“I’ll take care of it,” he said, his voice husky from the chain smoking he did, affecting the habits of a British don, to match the bizarre accent he had long since adopted, largely, as the rest of us imagined, to mask his native Brooklynese, which nevertheless seeped through in the form of an odd diphthong or a broadly accented vowel. Indeed he smoked a brand, hard to come by, and about three times as expensive as American cigarettes, as much as a buck and a quarter a pack, called English Ovals, because they were indeed, fabricated to form an oval shape in cross-section of very tightly packed Virginia tobacco. I had been reduced to putting faith in his air of indolent world-weariness and sham Anglican stony indifference. As Gus, our guru of a year ahead of us at school and who had magically and marvelously talked himself into a fellowship to study poetics for his doctorate at Columbia, as well poetry with one of our avant garde gods, Kenneth Koch, once said about Ron: “Not to worry. Behind that mask of cold insouciance and imperturbability, beats the heart of a man who basically doesn’t give a shit about anybody but himself.”
I would have called Gus, but I already knew he was out of town.
I had nothing to do but wait.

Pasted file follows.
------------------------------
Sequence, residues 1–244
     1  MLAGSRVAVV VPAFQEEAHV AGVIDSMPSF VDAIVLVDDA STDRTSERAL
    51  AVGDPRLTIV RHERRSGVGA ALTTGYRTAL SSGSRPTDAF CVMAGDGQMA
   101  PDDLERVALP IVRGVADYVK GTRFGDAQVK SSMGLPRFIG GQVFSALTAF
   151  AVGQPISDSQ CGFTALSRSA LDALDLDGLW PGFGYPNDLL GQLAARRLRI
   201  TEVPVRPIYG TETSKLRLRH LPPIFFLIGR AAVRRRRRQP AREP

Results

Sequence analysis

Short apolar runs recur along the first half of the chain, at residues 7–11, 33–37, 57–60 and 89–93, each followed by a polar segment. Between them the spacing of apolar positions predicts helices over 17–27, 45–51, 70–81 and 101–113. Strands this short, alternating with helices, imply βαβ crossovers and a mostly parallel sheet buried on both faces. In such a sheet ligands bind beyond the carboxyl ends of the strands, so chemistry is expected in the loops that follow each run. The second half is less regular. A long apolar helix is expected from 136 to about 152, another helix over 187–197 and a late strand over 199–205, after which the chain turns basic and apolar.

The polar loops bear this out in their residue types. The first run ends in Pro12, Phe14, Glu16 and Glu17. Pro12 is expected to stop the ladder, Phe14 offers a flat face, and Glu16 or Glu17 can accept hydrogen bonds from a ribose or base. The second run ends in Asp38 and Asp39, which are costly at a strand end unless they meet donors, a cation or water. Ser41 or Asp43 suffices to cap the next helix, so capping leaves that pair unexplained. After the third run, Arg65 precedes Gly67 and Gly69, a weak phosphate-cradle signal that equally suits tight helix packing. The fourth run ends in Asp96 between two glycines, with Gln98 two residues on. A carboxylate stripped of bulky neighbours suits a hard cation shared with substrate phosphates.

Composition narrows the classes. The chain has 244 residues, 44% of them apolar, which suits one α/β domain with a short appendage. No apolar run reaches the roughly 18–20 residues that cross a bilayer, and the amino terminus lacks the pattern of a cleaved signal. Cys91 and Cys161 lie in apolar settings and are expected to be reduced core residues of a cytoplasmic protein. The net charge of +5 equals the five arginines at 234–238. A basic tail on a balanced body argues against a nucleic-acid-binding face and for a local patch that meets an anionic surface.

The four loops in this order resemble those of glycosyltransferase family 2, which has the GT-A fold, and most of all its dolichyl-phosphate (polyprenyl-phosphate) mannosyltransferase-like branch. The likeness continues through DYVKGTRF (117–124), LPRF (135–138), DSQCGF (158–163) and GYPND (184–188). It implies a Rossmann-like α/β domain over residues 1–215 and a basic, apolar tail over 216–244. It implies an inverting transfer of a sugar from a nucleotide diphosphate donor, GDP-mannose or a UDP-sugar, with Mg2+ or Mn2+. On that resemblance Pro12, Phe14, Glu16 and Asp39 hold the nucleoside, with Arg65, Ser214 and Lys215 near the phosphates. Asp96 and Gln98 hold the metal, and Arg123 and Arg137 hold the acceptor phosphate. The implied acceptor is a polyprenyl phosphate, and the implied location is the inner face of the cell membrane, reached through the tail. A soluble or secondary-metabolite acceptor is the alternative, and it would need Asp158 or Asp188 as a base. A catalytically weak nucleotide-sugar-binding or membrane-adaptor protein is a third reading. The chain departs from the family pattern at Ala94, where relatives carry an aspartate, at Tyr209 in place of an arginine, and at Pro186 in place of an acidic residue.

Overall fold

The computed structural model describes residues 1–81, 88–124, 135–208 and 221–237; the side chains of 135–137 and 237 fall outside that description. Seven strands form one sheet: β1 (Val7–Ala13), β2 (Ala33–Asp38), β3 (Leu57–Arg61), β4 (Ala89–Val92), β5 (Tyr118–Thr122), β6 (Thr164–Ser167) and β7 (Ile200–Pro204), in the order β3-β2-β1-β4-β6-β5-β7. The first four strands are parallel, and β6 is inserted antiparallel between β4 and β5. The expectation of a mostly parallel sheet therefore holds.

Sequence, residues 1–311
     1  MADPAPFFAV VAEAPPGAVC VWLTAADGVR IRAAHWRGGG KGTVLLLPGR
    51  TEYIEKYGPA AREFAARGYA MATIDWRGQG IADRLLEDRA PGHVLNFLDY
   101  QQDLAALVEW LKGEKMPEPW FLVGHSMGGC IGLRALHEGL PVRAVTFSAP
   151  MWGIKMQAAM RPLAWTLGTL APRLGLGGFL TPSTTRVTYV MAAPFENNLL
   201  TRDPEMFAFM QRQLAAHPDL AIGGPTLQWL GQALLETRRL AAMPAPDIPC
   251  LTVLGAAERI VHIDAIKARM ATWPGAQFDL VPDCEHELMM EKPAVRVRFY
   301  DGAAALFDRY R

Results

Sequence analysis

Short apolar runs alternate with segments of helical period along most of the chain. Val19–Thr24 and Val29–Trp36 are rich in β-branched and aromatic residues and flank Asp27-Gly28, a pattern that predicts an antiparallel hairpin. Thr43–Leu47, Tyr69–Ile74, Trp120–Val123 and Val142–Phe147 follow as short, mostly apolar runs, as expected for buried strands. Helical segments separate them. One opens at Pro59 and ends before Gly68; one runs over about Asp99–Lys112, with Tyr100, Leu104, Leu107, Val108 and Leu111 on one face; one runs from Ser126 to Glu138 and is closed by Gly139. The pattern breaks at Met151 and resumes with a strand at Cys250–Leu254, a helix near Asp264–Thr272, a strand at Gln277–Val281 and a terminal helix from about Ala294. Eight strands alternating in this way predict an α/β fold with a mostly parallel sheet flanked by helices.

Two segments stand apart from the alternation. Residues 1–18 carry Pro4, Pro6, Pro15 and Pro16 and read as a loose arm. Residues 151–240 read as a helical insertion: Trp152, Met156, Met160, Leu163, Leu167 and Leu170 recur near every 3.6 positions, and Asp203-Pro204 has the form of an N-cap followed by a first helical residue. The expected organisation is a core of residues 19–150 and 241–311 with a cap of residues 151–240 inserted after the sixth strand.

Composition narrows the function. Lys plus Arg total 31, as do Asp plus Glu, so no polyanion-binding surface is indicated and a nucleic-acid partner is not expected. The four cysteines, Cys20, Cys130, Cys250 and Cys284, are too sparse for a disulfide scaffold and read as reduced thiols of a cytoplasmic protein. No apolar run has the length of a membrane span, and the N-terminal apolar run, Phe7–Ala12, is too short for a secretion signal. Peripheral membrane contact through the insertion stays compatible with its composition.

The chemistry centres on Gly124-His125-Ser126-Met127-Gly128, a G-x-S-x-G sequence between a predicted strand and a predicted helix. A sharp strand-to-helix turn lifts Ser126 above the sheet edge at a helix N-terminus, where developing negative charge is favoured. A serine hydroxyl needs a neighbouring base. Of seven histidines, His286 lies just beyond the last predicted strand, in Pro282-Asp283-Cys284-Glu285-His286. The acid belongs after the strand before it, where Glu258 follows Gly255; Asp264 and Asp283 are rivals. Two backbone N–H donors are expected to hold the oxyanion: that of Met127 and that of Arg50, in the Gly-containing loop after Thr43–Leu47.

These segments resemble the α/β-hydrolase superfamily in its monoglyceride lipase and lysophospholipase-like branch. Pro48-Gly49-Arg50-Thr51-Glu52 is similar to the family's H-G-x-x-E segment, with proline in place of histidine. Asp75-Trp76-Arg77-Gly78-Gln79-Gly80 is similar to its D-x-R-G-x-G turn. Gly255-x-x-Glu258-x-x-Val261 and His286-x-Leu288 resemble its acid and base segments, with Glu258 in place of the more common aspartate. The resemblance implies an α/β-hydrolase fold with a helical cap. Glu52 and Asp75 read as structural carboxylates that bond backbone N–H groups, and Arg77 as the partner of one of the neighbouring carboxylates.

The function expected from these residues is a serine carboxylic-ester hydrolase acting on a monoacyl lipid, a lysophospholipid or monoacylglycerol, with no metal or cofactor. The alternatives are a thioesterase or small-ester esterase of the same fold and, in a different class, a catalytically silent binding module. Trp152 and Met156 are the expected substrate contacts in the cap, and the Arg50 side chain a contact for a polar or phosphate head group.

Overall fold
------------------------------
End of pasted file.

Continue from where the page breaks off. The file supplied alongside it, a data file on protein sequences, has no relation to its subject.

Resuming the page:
I have no precise recollection of how I spent the day, though I knew I couldn’t concentrate to read. I was too wide awake to sleep, and television was out of the question, except to provide the noise and visual stimulation of the mock company it amounted to. Hours passed and by four I had heard nothing. Andy and his wife were due to arrive at about six. At five, I called Sheldon again to see how he had fared in his quest. I imagined he might still be working his way back home by subway to his lair. He picked up the phone on the second ring, and began explaining even before I could ask a direct question. In that etiolated tone of defeat of his, he virtually whined his rationale for changing the strategy I had mapped out. Well you know how crazy it is dockside when these liners are getting ready to depart. It’s wall-to-wall people. You can’t really get hold of anyone, let alone the purser or anyone else that high up. So he had decided it would be more efficient to call the dock and leave a message to be forwarded to Diane when she boarded and got to her stateroom. He reeled off these terms, “dockside,” and “purser,” and “stateroom” like the seasoned world traveler I knew he was not.